Working alongside McTiernan, De Bont — who got his start in the Dutch film industry before moving to America in the early 1980s — helped establish a template for on-screen action that defined Hollywood blockbusters for the next two decades. "We wanted to use real stuff, and make people feel like they were on the 34th or 46th story of a building," he said. "We used the low ceilings, instead of building a set and making the environment bigger to accommodate us."

As the director of photography, De Bont made a point of keeping the camera close to the action. "A lot of it is shot handheld, and the camera goes along with the actors," he recalled of how he and McTiernan choreographed McClane's desperate one-man war. "That wasn't just to show off our style — it was about making the camera a participating element in the movie. I think that's why audiences like the movie so much: They always feel like they're a part of the action." According to De Bont, audiences like being part of the action much more than Willis did.

"In the beginning, Bruce didn't want to do [the stunts]," he revealed. "But then he started to realize, 'Wait a second, if I do it myself there will be three cameras on me instead of one, because they won't want to do that many takes.' Actors like that because it means they don't have to do [the scene] over and over. If you notice that all the attention is on you and on getting it right the first time, you're more willing to take risks. My experience has been that each time actors do stunts like that, they're so happy and proud of themselves afterwards that they actually did it." (Willis stepped away from acting earlier this year after publicly revealing his battle with aphasia.)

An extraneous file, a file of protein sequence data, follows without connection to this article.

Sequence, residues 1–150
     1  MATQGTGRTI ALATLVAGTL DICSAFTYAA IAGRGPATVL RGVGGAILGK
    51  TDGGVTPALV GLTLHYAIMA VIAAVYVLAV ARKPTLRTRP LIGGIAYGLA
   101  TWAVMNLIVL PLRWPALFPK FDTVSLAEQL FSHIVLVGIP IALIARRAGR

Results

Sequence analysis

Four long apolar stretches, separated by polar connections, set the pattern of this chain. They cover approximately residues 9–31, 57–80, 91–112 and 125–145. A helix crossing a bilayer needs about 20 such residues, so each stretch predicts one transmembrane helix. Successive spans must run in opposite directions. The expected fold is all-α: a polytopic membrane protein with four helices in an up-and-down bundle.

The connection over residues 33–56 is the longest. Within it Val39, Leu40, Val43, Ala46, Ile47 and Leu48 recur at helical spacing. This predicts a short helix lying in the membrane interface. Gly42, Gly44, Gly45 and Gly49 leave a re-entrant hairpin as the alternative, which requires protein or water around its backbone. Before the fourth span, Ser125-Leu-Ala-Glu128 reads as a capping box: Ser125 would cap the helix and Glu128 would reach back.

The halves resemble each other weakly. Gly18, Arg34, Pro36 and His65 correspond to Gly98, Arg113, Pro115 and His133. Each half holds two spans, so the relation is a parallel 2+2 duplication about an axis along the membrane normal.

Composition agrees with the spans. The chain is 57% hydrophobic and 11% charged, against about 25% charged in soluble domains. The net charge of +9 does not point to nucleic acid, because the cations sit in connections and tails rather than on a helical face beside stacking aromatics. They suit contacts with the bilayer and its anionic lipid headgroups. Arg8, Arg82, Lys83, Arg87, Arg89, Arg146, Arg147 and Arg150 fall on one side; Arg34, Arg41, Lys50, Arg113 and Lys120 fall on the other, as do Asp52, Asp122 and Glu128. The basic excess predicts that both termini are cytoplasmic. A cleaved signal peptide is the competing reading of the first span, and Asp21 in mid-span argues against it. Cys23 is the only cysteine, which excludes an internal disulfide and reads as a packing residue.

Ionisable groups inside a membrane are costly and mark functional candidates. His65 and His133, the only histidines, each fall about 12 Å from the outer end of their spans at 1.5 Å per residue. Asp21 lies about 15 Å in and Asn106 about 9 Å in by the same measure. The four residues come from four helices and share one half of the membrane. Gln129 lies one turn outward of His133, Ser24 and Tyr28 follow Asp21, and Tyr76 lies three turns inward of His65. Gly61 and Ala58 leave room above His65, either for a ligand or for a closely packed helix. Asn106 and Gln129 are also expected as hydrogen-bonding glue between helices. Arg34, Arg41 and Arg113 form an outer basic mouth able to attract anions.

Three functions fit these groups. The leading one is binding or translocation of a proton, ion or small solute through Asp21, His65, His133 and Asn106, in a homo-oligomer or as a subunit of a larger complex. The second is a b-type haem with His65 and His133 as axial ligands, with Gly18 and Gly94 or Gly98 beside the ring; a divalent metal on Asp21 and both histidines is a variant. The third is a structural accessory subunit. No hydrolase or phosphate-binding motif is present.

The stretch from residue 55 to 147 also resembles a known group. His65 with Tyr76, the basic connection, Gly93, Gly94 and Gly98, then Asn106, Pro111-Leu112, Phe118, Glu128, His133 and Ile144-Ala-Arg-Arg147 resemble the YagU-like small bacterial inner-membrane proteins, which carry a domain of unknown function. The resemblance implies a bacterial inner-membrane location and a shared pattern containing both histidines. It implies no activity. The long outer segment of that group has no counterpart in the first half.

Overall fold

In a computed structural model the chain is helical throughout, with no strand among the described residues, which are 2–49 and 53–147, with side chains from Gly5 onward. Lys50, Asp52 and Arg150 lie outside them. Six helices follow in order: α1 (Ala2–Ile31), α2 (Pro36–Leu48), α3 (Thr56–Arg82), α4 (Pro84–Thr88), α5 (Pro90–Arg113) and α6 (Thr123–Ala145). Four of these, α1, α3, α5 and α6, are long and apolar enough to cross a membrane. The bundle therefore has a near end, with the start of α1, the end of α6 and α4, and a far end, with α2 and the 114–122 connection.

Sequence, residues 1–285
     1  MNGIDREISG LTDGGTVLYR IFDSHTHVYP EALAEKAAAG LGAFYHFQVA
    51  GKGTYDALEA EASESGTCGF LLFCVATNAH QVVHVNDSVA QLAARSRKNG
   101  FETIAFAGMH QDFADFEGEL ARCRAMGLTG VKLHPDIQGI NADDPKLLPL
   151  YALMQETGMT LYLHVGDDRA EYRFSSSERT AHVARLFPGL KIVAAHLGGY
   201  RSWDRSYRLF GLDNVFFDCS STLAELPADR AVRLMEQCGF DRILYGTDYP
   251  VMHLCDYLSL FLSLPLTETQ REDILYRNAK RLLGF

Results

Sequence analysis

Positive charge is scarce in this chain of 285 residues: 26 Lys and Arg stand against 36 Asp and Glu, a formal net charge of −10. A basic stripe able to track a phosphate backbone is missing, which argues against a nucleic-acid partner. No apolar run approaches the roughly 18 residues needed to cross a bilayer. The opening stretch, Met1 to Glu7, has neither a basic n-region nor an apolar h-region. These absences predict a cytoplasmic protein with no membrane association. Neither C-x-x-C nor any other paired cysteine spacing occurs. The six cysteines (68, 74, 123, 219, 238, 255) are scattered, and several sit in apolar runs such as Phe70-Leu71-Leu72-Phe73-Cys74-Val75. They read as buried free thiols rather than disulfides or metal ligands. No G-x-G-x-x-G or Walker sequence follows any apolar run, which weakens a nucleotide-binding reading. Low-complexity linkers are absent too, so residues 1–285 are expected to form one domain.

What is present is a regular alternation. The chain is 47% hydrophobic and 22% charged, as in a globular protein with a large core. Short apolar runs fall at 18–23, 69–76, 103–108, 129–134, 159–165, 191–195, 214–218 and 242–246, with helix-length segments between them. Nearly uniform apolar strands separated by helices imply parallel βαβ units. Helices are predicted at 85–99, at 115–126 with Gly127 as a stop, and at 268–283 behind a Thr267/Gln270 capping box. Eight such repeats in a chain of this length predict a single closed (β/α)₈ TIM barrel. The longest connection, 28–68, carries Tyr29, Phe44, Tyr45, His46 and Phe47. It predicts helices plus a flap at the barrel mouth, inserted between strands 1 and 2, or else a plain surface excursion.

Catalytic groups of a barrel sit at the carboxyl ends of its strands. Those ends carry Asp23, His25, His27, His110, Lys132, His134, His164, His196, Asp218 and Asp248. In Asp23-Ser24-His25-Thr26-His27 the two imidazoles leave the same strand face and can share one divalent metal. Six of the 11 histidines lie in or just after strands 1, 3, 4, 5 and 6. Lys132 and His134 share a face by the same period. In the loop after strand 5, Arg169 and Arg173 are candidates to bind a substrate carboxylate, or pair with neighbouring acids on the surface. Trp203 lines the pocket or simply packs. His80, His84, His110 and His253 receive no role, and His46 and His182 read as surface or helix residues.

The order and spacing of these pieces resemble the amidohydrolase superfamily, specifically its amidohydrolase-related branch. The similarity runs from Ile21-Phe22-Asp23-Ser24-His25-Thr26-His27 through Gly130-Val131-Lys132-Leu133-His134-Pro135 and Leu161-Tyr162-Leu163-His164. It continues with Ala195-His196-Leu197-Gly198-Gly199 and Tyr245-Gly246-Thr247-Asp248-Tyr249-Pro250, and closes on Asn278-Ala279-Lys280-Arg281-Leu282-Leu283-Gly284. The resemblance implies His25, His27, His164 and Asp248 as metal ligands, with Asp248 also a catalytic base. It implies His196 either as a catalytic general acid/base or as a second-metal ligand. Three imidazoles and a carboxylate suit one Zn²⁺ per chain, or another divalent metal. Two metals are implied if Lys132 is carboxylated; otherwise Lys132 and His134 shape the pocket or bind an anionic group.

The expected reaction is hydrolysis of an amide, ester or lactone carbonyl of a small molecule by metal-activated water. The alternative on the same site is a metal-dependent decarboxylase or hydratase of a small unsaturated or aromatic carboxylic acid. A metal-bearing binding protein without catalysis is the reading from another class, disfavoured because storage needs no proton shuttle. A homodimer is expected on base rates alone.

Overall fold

Bruce Willis as John McClane in the 1988 action favorite, 'Die Hard' (Photo: 20th Century Fox Film Corp./courtesy Everett Collection)
Willis takes aim at reinventing the action movie in the 1988 blockbuster, Die Hard. (Photo: 20th Century Fox Film Corp./courtesy Everett Collection)

De Bont brought that Die Hard experience into his own directorial efforts, encouraging Keanu Reeves and the late Bill Paxton to perform many of their own stunts in Speed and Twister, respectively. In Paxton's case, the late actor did a stunt that De Bont actually advised against. "There’s that sequence in Twister when Bill and Helen [Hunt] are in the car when it starts hailing, and that was real hail," De Bont recalled. "I said, 'I don't think we should do this with you, because we can’t control the size of the hail.' But Bill said, 'No, I really want to feel it.'"

"Of course, he got hit by a big block of ice and started to bleed!" De Bont continued. "But he said, 'Don’t stop, keep going.' So you do have to be careful that it doesn’t go too far with that adrenaline feeling. Actors can get addicted to it, and that’s not so good either. You have to find the right balance between the two."

[Editor's Note: This post was originally published on Dec. 4, 2020. It has been updated to reflect recent events.]

Die Hard is currently streaming on Starz